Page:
This is all to say that the “cri­sis of Marx­ism,” in its clas­si­cal or insti­tu­tion­al­iza­tion ver­sions, is tied to the exis­tence of these two major prob­lems raised in May. A the­o­ret­i­cal prob­lem: how to think the rela­tions between state pow­er and pow­ers, between eco­nom­ic exploita­tion and oth­ers forms of sex­u­al sub­ju­ga­tion, bureau­crat­ic hierarchies…A prac­ti­cal prob­lem: the rep­re­sen­ta­tive dimen­sion of pol­i­tics in no way cov­ers the politi­ciza­tion of the social and its effects: reaf­fir­ma­tion of a polit­i­cal sub­jec­tiv­i­ty, irre­ducible to canon­i­cal state­ments about a bour­geois indi­vid­u­al­i­ty in cri­sis or to some Marx­ist analy­ses, even those that devel­op a “the­o­ry of per­son­al­i­ty,” which does not “dream” and proves to be uncon­cerned with sex­u­al dif­fer­ence.8 But why should such a the­o­ry dream, since it is “devel­oped,” con­tent, and reaf­firms the guar­an­tees of a sci­en­tif­ic human­ism repaint­ed accord­ing to the tastes of the day, while bad­ly hid­ing its own “moral­i­ty,” as Niet­zsche would say…

In con­fronting these two prob­lems, the far-left (at least its ortho­dox, Lenin­ist ver­sion), such as the insti­tu­tion­al Marx­ism of the PCF, has found itself to be non-hege­mon­ic. For it has not worked out, in a com­mu­nist form, the “the­o­ry-ide­ol­o­gy” of state monop­oly cap­i­tal­ism and its human­ist com­ple­ment, as a hin­drance on the in-depth analy­sis of French civ­il soci­ety.

This is why the Marx­ism of May ’68 was not only a “prax­is of rup­ture” engag­ing all fronts of strug­gle. It was, in the first instance, an explod­ed, frac­tured Marx­ism, par­a­lyzed by that enor­mous polit­i­cal con­tra­dic­tion of May; the impos­si­ble encounter between class­es and poten­tial­ly allied social stra­ta, the ver­ti­cal and sec­tar­i­an com­part­men­tal­iza­tion of strug­gles which could have and should have been uni­fied: the stu­dents, the uni­ver­si­ty youth, and the work­ing class, the work­ers.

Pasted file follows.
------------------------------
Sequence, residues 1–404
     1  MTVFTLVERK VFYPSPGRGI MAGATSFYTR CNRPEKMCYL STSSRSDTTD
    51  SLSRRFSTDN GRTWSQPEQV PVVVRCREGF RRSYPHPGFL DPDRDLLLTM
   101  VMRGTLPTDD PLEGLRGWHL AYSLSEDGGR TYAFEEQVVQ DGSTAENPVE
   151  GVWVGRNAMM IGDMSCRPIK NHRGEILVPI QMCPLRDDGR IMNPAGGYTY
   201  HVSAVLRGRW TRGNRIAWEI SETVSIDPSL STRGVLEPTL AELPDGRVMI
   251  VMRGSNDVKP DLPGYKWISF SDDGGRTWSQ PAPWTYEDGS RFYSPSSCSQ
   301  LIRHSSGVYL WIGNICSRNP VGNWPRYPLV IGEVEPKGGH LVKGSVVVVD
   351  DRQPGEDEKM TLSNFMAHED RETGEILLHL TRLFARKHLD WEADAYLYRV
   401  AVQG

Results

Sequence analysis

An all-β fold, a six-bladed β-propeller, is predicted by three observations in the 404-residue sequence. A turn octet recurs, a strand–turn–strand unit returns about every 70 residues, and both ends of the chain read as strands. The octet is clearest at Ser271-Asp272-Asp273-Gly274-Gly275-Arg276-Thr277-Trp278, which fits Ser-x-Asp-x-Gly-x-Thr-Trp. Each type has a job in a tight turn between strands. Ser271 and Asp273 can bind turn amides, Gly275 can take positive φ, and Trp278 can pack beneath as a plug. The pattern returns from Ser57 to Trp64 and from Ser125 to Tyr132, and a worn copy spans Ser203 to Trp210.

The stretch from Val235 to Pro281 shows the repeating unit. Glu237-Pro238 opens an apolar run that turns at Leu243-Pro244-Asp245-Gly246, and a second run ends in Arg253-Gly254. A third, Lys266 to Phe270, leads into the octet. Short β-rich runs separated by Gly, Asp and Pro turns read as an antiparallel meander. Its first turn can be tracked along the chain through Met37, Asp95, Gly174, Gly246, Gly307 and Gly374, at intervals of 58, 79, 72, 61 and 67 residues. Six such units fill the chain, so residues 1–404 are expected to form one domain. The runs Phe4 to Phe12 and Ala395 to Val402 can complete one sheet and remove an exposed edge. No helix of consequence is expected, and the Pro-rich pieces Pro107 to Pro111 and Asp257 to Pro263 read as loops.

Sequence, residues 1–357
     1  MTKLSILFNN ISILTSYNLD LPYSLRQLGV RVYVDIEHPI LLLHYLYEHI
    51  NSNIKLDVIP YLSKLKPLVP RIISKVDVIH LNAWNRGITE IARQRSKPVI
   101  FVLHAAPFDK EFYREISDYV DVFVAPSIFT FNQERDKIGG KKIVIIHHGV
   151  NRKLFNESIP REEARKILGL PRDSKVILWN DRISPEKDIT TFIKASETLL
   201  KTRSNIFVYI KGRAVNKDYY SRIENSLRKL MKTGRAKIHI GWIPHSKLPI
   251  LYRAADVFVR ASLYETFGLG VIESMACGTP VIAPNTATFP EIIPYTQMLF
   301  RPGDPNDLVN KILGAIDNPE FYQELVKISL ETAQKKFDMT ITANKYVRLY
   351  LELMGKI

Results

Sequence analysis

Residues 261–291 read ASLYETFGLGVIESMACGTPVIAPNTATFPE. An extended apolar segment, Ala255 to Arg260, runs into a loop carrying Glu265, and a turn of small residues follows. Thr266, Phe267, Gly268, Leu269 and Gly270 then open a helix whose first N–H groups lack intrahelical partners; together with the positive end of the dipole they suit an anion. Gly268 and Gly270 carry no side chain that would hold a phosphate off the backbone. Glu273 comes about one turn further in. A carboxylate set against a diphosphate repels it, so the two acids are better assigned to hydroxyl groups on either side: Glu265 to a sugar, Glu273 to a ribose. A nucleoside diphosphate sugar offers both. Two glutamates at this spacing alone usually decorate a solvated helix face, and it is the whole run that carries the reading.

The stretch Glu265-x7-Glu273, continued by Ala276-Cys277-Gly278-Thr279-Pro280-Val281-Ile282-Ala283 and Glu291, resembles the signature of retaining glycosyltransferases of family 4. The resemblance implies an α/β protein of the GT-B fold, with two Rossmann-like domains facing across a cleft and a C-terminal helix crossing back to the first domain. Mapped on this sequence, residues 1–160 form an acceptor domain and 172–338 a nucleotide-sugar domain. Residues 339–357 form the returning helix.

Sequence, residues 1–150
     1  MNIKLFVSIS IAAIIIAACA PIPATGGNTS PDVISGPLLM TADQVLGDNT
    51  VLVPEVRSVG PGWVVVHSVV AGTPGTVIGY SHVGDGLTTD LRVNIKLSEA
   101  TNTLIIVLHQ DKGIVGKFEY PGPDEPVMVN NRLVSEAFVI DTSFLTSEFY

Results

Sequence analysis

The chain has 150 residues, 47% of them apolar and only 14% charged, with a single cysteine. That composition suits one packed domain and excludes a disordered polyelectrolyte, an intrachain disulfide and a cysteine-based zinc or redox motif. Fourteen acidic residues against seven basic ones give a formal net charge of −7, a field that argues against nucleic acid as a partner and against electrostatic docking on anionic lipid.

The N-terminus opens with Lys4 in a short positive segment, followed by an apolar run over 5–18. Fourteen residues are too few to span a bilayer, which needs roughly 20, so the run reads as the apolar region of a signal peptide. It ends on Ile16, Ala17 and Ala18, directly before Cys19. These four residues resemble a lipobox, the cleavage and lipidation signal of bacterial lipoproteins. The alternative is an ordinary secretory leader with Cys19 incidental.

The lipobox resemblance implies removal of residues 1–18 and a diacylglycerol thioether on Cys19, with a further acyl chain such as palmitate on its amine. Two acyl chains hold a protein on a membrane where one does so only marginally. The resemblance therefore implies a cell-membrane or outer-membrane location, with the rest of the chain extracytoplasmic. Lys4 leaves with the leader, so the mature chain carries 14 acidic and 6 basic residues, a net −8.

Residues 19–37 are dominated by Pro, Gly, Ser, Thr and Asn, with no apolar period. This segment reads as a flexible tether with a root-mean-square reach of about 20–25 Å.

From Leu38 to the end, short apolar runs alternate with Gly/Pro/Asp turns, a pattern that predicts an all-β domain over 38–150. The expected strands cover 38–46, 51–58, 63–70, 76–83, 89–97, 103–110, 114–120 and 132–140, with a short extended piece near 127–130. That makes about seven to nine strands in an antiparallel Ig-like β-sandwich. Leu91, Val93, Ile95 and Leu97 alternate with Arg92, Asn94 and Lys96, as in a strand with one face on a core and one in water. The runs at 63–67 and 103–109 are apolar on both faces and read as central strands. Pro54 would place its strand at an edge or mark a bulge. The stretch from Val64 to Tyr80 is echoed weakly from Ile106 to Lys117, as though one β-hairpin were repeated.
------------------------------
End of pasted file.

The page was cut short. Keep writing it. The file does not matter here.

From this per­spec­tive, the spe­cif­ic “respon­si­bil­i­ty” of polit­i­cal par­ties in the strate­gic block­age of May can­not be elud­ed. Such a block­age aligns with the fail­ure of a union of the left inca­pable of estab­lish­ing a real dialec­tic between “con­tract” (uni­ty of par­ties) and “com­bat” (mass uni­ty from below) – and thus fun­da­men­tal­ly inca­pable of draw­ing the lessons of May.

The stu­dent explo­sion – high school, intel­lec­tu­al (in the broad sense) stu­dents – was imme­di­ate­ly the first major sur­prise of May. Yet, in the light of the mass anti-cap­i­tal­ist move­ment that tra­versed near­ly all the “hege­mon­ic appa­ra­tus­es” (uni­ver­si­ty, school fam­i­ly, media, hos­pi­tals, asy­lums), a move­ment that con­tained every­thing, from utopia and its “work­ers’ self-man­age­ment” aspi­ra­tions to new forms of democ­ra­cy and pol­i­tics (prac­tices of assem­bly and speak­ing, the rejec­tion of del­e­gates), the com­mu­nist par­ty imme­di­ate­ly holed up in its “fortress.” It acknowl­edged the “legit­i­mate” aspi­ra­tions (and the oth­ers?) of the stu­dents, denounced repres­sion, even while min­i­miz­ing the movement’s begin­nings to the activ­i­ty of “sev­er­al grou­pus­cules,” ren­der­ing them guilty through the strait­jack­et of a trun­cat­ed Lenin­ism, wield­ed against “pet­ty-bour­geois ultra-left­ism” for a good cause: the par­ty for­bade any rela­tion­ship between cul­ture and pol­i­tics, and thus any kind of hege­mo­ny – a move­ment that every­where escaped it and unfor­tu­nate­ly came to it from “out­side”…